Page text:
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Child and context characteristics in trajectories of physical and relational victimization among early elementary school children

Published online by Cambridge University Press:  24 January 2011

Gerald F. Giesbrecht
Affiliation:
University of Victoria
Bonnie J. Leadbeater
Affiliation:
University of Victoria
Stuart W. S. Macdonald
Affiliation:
University of Victoria
Corresponding

Abstract

Transactional models suggest that peer victimization results from both individual and context differences, and understanding these differences may point to important targets for prevention and interventions that reduce victimization. Multilevel modeling was used to examine within-person (aggression and emotional dysregulation), between-person (sex and age), and between-school (participation in a victimization prevention program) factors that influence changes in physical and relational victimization over the first three years of elementary school. Children (n = 423) reported their experiences of peer victimization at entry into Grade 1 and at the end of Grade 1, Grade 2, and Grade 3. On average, trajectories of both physical and relational victimization declined. However, for individual children, teacher-rated aggression was associated with increases in physical and relational victimization, while emotional dysregulation was associated with attenuation of longitudinal declines in physical victimization and increases in relational victimization. Individual differences in sex and age at entry into Grade 1 did not significantly influence victimization trajectories over Grades 1 to 3. Children who participated in the WITS® victimization prevention program showed significant declines in physical and relational victimization. Levels of victimization among nonparticipants remained stable. Implications of child and context characteristics for preventing peer victimization in elementary school are discussed.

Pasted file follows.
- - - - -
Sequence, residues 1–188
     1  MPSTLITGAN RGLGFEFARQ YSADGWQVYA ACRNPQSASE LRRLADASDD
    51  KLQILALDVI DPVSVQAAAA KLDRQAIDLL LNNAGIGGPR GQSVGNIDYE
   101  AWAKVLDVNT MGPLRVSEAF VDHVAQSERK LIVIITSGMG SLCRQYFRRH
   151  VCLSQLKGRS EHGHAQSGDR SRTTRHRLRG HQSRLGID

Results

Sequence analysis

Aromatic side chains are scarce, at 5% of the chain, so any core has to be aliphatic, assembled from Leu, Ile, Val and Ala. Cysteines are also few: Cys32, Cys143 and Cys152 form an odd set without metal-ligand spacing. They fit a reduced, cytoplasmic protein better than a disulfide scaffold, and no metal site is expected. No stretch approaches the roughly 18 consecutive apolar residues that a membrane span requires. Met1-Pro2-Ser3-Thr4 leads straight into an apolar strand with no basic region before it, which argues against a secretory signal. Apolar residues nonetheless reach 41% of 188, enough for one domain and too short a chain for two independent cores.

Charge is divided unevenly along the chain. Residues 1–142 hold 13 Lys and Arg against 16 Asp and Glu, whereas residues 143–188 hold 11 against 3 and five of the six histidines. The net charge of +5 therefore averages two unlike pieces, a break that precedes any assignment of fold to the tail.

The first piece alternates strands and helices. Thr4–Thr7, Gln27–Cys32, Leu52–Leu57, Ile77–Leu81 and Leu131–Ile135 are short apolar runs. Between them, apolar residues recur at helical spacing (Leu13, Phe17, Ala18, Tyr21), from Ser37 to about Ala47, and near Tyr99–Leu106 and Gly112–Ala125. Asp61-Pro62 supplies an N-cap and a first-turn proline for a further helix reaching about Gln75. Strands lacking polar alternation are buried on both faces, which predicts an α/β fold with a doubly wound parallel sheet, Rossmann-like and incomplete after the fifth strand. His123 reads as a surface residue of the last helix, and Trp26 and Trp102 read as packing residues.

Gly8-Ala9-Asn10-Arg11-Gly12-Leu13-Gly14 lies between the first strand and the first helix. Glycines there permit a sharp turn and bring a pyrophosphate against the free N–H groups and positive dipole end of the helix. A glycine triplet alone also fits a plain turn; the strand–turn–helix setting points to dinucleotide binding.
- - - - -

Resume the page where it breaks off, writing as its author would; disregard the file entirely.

Type
Regular Articles
Copyright
Copyright © Cambridge University Press 2011

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Child and context characteristics in trajectories of physical and relational victimization among early elementary school children
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